It seems we’re always “on” these days, with our smartphones and other gadgets keeping us in touch and accessible 24/7. But you can harness that power for self-care as well. It isn’t selfish — it’s vital to your physical and mental health.
That’s why so many app developers have focused on self-care apps. A quick search yields hundreds of examples. How do you know which ones are worth downloading? Here are a few we recommend — and they’re free to try. (Some have premium options for a fee.) All are offered for iOS or Android devices.
Physical Fitness Apps
In a crowded market, these two stand out for their wide range of resources.
No Fitbit device? You can still use the free Fitbit app to manage your diet, weight and more. On some phones, you can even use the MobileTrack and MobileRun features to track steps and activities. After downloading, click “Join Fitbit.” When it asks which Fitbit tracker you are setting up, scroll to the bottom and click “No Fitbit Yet?” to set up your account.
With more than 50 million downloads, MyFitnessPal is no secret. But if you haven’t tried it, you’ll find not only a calorie counter and activity tracker, but also plenty of resources to help you lose weight and get healthy. The food database has information on millions of foods, and you can add your own if something you eat regularly is not included.
Mental Health Apps
The American Psychiatric Association doesn’t rate apps, but they have a model to help mental health professionals evaluate them. Find out more.
While you shouldn’t depend on an app alone to manage a serious mental health disorder or crisis, these apps can complement treatment or just help you have a better outlook.
This popular app uses research-backed activities and games to help you learn how to be happier. Too good to be true? Well, its tracks are created by scientists and game developers, and Happify’s own data show that 86 percent of Happify users saw happiness improvements in two months. There are currently 13 free tracks, such as “Conquering Negative Thoughts,” “Defeat Loneliness,” or “Painless Parenting.” You can also share posts with other Happify users or set your profile to private.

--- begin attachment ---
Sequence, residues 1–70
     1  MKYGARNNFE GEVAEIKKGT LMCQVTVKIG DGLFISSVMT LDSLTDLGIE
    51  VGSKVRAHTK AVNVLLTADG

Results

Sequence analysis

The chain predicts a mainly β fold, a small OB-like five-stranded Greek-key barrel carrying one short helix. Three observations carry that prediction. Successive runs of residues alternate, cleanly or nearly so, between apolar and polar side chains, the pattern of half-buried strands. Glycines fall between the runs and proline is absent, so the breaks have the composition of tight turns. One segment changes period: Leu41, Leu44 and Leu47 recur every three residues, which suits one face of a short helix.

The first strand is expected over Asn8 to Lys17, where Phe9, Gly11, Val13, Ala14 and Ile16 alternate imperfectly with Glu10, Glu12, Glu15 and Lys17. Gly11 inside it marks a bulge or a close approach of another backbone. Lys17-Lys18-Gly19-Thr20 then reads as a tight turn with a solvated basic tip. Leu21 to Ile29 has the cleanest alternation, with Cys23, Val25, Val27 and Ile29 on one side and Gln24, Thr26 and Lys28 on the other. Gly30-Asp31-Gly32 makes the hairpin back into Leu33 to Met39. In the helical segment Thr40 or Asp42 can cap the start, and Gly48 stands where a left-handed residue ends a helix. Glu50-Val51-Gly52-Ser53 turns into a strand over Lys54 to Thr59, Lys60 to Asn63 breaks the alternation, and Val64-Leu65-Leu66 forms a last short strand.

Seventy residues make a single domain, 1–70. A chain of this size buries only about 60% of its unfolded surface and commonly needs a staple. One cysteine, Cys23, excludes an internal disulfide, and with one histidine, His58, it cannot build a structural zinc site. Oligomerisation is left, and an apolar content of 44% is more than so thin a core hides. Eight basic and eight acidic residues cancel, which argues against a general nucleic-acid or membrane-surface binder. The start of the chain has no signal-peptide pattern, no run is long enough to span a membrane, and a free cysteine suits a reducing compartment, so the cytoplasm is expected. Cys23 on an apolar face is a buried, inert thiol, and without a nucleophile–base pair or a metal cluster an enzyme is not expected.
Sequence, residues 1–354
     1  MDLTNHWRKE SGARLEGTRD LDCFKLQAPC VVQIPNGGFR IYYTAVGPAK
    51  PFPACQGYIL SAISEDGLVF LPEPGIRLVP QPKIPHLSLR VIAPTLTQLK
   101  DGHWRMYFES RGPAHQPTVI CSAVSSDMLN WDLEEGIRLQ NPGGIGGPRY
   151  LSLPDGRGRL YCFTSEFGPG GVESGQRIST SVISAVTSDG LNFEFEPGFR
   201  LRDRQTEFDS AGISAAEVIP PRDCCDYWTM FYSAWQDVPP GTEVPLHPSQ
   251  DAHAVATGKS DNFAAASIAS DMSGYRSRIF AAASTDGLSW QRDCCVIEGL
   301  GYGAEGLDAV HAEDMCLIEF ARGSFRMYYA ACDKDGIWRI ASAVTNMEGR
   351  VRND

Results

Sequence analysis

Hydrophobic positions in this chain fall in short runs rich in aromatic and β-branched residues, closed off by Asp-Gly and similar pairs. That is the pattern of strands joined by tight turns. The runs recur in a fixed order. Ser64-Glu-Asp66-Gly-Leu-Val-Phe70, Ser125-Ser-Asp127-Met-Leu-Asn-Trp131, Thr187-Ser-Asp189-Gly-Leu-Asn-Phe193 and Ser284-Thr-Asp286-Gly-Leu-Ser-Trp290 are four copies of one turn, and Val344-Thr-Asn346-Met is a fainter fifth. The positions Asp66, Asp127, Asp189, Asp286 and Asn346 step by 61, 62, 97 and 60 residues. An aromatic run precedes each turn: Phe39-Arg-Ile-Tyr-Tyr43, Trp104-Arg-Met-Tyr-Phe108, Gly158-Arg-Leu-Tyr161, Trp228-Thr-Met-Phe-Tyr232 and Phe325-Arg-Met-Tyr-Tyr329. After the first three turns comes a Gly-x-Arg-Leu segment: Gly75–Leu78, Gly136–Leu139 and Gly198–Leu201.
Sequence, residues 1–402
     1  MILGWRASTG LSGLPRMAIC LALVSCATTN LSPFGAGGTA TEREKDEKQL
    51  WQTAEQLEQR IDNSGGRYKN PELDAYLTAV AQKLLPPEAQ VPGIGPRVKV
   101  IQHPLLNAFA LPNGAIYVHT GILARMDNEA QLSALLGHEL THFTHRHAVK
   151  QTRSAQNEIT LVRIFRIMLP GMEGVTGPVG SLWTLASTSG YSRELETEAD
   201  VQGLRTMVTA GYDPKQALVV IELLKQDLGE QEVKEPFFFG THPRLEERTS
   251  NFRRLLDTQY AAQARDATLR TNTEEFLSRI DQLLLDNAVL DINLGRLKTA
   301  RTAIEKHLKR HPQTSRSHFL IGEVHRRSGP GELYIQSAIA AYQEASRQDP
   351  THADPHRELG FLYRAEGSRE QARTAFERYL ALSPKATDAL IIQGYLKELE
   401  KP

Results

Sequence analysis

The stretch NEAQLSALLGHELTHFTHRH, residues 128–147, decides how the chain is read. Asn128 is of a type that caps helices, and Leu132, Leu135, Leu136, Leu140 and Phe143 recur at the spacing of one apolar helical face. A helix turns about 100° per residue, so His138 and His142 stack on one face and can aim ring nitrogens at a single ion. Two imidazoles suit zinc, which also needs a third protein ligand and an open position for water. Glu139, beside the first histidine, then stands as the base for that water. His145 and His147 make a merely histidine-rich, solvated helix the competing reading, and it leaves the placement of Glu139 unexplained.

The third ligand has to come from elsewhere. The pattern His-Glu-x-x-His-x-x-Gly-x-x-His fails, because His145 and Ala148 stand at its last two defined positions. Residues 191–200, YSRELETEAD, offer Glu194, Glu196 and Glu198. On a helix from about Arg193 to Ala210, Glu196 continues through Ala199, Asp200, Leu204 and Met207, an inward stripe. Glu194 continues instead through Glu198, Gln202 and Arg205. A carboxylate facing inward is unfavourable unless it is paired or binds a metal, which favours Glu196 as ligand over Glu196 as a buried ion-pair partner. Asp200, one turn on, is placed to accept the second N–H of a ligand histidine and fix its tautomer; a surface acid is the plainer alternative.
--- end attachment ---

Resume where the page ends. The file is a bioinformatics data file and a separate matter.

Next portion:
T2 Mood Tracker
This app was originally developed by the National Center for Telehealth & Technology (T2) for military service members. Now civilians are using it and sharing the information with their doctors and therapists. It comes with six areas for tracking: anxiety, depression, general well-being, head injury, stress and post-traumatic stress, and you can add your own. You use sliders to rate yourself in these categories, and the app graphs your input over time. You can also make notes about what might be affecting your mood.
If you just want a little help de-stressing from your day, give these apps a try.
Calm claims it’s the number one app for mindfulness and meditation, and it boasts millions of users. It’s easy to see why, with guided meditations ranging from three to 25 minutes and a multitude of topics, such as forgiveness, self-esteem, calming anxiety and deep sleep. It also offers nature sounds and scenes, breathing exercises and programs for beginners to advanced meditation gurus.
This app’s name tells its story — it teaches “diaphragmatic” breathing, a proven stress management skill. Another T2 app developed for the military, Breathe2Relax lets you select scenery, background music, and inhale and exhale length. You can also chart your stress levels before and after the guided exercise.
Looking for more ways to practice self-care? Check out this list!